SRI -- The System of Rice Intensification: An Opportunity for Improving Food Security in Latin America? Presented at: 2nd International Rice Meeting, Havana Norman Uphoff Cornell International Institute for Food, Agriculture and Development (CIIFAD) in cooperation with Association Tefy Saina (ATS)
More tillers and more than 400 grains per panicle
The System of Rice Intensification (SIMA) developed in Madagascar almost 2 decades ago can:
Increase rice production -- double yield
Improve food security esp. for poor HHs,
Raise total factor productivity, and
Enhance the environment -- cut demand for water by half, no use of agrochemicals
The main objections against this methodology have been that:
SRI requires good water management
SRI is labor-intensive
SRI appears “ too good to be true”
(1) Water control is definitely necessary
(2) But SRI also gives higher returns to labor, and over time, it can become labor-saving
(3) Appearing “too good to be true” only means that SRI should be subjected to careful scrutiny
In Madagascar , where yields average 2-2.5 t/ha, 100s of farmers in 2 programs (USAID and French) have averaged 8-9 t/ha over a 5-year period -- on mostly very poor soils.
In China , the first SRI trials at Nanjing Agric. University gave 9.2 to 10.5 t/ha . While these levels can be achieved in China with the best varieties and best techniques, these take twice as much water as applied with SRI. SRI method used with hybrid rice varieties has given yields in the 12-15 t/ha range.
In Cambodia and Myanmar , where conventional yields are even lower than in Madagascar (2 t/ha), farmers using SRI have averaged 5-6 t/ha with NGO guidance.
In Sri Lanka , where the average yield is about 3.5 t/ha, farmers have averaged ~8 t/ha with SRI, with some farmers achieving much higher yields.
In Sri Lanka and Madagascar , some farmers are getting yields in the range of 15 to 20 t/ha once they have mastered the techniques and improved their soil quality. The maximum potential of SRI methodology remains to be fully realized.
OBSERVABLE PHENOTYPICAL CHANGES attributable to SRI
More tillers/plant -- 30-50, even 100+
Larger root systems – root pulling resistance of 28 kg /clump for 3 plants grown conventionally vs. 53 kg /plant for single SRI plants -- >5x per plant
Positive correlation tillers/plant and grains/panicle – no lodging
Comparison of high-yield rice in tropical and subtropical environments: I: Determinants of grain and dry matter yields J. Ying, S. Peng, Q. He, H. Yang, C. Yang, R. M. Visperas, K. G. Cassman, Field Crops Research , 57 (1998), p. 72.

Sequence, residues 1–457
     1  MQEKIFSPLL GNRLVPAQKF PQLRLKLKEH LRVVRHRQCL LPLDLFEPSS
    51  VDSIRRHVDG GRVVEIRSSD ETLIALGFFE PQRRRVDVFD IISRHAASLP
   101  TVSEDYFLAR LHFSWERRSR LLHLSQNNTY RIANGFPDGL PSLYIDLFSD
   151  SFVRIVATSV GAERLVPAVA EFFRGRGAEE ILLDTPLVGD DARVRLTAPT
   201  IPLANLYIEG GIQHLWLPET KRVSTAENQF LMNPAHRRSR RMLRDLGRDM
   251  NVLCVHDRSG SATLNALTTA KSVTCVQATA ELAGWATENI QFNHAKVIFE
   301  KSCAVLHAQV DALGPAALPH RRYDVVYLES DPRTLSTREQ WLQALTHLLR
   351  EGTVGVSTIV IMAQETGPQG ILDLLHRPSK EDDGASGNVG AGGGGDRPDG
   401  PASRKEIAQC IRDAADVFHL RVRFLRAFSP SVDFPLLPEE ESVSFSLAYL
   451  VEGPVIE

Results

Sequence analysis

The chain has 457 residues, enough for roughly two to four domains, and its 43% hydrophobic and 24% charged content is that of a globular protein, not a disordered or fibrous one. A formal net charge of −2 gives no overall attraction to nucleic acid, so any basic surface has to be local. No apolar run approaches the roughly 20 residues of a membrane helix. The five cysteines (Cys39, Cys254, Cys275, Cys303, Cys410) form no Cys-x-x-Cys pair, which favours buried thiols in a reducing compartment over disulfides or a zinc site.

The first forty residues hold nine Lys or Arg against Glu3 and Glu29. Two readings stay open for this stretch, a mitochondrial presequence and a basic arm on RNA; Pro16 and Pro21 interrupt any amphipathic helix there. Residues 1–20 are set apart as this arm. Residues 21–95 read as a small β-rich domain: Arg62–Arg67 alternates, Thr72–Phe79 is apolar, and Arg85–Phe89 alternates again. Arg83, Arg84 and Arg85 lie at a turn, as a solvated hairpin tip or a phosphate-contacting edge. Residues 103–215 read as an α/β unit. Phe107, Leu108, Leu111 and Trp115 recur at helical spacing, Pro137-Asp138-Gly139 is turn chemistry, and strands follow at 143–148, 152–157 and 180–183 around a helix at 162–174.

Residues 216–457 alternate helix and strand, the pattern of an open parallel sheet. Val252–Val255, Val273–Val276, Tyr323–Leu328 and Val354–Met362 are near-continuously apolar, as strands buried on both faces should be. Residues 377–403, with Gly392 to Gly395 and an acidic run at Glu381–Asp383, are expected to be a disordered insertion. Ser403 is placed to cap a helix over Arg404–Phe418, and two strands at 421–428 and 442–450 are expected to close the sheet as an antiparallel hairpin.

“… a strong compensation mechanism exists between the two yield components [panicle number and panicle size]” with a “ strong negative relationship between the two components…” (emphasis added)
But in flooded (hypoxic) soil, rice roots remain close to the surface. At 29 DAT, about ¾ are in top 6 cm of soil (Kirk and Solivas 1997)
Rice plant roots grown in flooded soil form aerenchyma (air pockets) through disintegration of the cortex which is “often almost total…[after PI] the main body of the root system is largely degraded and seems unlikely to be very active in nutrient uptake” (Kirk and Bouldin 1991)
Yet in unflooded soil neither irrigated nor upland varieties form aerenchyma (Puard et al. 1989)
Root cross-sections for upland (left) and irrigated (right) varieties -- ORSTOM research by Puard et al. (1989)
Nature and growth pattern of rice root system under submerged and unsaturated conditions
S. Kar, S. B. Varade, T. K. Subramanyam, and B. P. Ghildyal,
Il Riso (Italy), 1974, 23:2, 173-179
Plants of the rice cultivar Taichung (Native) were grown in pots of sandy loam under 2 water regimes in an attempt to identify critical root-growth phases. Observations on root number, length, volume and dry weight were made at early tillering, active tillering, maximum tillering, and reproductive stages.
Rice root degeneration , normally unique to submerged conditions , increased with advance in plant growth. At flowering, 78% had degenerated . During the first phase under flooding, and throughout the growth period under unsaturated conditions, roots rarely degenerated.
Explanation of tiller and root growth in terms of phyllochrons
These are periodic intervals of plant growth common to all the gramineae species -- in rice, a phyllochron is usually from ~5-8 days
During each phyllochron , the plant produces from its apical meristem 1 or more phytomers (phytomer = a unit of a tiller, a leaf and a root)
Phyllochrons represent biological rather than calendar time – they are lengthened/shortened by a number of factors that can slow down or speed up the plant’s “biological clock”
SRI does require 25-50% more labor inputs , at least initially -- one study in Madagascar with 109 farmers found a 26% difference; Sri Lankan analysis found an 11% difference
But SRI time required is reduced as farmers gain skill and confidence; almost always the returns to labor are higher by 25-50%
Some farmers who have mastered SRI techniques report that they are labor-saving
If farmers are labor-constrained , it is most beneficial economically for them to use SRI on as much of their land as they have enough labor for , to capture higher returns to all their factors of production (land, labor, capital, water), and then to use remaining land for other purposes